Language changes when it moves to new places. This is one of the reasons why someone from London is not necessarily going to understand someone from Texas, despite the fact that they both theoretically speak English. It’s the same for people from Portugal and people from Brazil, even though Portuguese is the language that is native to both. Given enough time with a new, developing culture, the roots of language can change.

The same is true for French. This language is confined largely to Europe, and France in particular, but there is still a sizable population of native French speakers in Canada. This is because Canada was the original colonial destination for France, in the same way that what would become the United States was the region of choice for colonization by England.

Canadian French is similar to the Portuguese language in use in South America because they both share a unique trait; their separation from the mother tongue for a few centuries has allowed for some older linguistic conventions to remain intact, while the modern mother tongue language has rendered those conventions obsolete and no longer in use. The modern French phrase for “because” is “Parce-que,” while colloquial French Canadian will still use the much older form “À cause que.”

Another differentiator between European French and French Canadian is the proximity of French Canada to a region that is primarily English.

Another differentiator between European French and French Canadian is the proximity of French Canada to a region that is primarily English. This has had much influence over the generations on some of the grammar and terminology that French Canadians use, which means that even if French Canadians didn’t take European French as a contemporary linguistic parallel, they were more than willing to do so with their English neighbors. This is why the European French still use names like “Une pastèque,” while French Canadians use the much more literal “Un melon d’eau,” which is grammatically parallel to the English “Watermelon.” In the same way, the indigenous people of Canada have also had an influence on French Canadians, as they refer to certain animals as “Caribou,” whereas English speakers call them “Reindeer,” and the European French use the name “Renne.”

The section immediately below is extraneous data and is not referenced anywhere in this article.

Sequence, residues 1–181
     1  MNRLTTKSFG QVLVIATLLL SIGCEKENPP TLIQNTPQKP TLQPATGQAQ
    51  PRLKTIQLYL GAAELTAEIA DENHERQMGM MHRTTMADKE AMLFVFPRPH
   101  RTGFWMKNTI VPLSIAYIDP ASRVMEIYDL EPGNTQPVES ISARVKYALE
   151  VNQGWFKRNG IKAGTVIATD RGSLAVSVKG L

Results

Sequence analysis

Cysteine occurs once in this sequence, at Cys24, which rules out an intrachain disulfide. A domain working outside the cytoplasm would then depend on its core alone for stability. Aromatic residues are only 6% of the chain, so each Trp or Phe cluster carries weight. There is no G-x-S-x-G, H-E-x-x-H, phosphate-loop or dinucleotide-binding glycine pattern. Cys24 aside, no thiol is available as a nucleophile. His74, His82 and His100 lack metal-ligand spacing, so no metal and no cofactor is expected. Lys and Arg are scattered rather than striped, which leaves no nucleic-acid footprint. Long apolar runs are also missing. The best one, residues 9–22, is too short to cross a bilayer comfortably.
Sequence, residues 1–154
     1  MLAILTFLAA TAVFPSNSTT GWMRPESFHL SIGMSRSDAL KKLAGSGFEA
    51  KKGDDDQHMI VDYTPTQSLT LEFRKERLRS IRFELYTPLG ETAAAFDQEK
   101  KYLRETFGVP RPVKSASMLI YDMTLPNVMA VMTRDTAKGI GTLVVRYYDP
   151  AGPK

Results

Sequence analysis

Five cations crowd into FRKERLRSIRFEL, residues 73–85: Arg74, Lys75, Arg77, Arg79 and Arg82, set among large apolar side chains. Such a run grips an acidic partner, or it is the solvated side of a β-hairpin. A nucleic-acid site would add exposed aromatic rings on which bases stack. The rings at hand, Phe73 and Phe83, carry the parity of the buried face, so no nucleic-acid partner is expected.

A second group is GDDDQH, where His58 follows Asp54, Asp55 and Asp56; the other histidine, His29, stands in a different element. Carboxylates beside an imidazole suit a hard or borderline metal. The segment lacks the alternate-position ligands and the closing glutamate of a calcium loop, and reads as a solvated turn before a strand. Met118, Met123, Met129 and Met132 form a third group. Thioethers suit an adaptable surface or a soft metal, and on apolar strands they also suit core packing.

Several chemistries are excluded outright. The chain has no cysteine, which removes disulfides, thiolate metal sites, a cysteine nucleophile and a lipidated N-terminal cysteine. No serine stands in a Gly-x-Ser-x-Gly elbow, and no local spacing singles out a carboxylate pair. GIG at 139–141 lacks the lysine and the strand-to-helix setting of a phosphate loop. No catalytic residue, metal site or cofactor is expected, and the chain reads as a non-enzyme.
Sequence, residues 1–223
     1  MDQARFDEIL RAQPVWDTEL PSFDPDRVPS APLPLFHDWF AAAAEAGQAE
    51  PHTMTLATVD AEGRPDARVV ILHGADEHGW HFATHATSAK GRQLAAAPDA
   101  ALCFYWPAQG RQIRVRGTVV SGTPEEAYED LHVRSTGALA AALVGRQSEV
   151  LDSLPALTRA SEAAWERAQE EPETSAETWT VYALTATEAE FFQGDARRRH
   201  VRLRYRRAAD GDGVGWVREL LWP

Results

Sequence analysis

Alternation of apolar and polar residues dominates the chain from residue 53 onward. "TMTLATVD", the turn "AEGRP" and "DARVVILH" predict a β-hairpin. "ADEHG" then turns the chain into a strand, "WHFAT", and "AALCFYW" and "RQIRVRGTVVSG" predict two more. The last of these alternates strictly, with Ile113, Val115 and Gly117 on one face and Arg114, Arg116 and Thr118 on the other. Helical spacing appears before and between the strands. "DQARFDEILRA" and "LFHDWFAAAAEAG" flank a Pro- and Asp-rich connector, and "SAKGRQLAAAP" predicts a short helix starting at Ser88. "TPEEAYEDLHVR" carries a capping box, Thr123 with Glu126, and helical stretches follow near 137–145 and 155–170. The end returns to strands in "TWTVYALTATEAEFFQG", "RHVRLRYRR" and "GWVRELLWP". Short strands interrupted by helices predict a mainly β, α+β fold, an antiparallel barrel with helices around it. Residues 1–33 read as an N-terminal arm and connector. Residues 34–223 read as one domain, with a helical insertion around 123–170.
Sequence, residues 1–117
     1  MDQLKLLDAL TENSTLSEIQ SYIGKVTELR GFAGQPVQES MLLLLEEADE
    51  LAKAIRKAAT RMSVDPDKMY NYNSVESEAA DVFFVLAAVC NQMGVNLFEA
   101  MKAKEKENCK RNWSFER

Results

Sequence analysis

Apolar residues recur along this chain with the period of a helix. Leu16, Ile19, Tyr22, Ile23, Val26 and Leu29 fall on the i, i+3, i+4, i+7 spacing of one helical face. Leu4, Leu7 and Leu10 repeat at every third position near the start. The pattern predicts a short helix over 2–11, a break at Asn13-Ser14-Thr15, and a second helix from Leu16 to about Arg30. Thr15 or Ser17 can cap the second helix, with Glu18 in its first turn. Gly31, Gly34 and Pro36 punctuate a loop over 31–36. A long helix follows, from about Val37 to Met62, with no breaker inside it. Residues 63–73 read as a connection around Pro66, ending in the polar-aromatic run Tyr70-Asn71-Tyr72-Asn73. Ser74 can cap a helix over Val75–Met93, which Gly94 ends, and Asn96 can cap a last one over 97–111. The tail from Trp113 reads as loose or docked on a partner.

All of this is to say that if you want the best possible results for comprehension, you should probably localize your content for both European and French Canadian, rather than trying to use one translation for both. Fundamentally, the language structure will be the same but, depending on the content, there may be enough differences in grammar and vocabulary that a native of one region will have some difficulty smoothly reading the French of another.

That’s not to say they can’t do it. Obviously an American reading the word “pram,” can stop, go online and consult a dictionary to find out that the American equivalent of that British word is “baby carriage,” but doing so means you run the risk of having a reader stop looking at your content in order to get more clarity about what is being communicated.

If you are trying to reach out to French speakers in both Europe and Canada, your safest approach is to translate for both. It will be a smoother experience for everyone.

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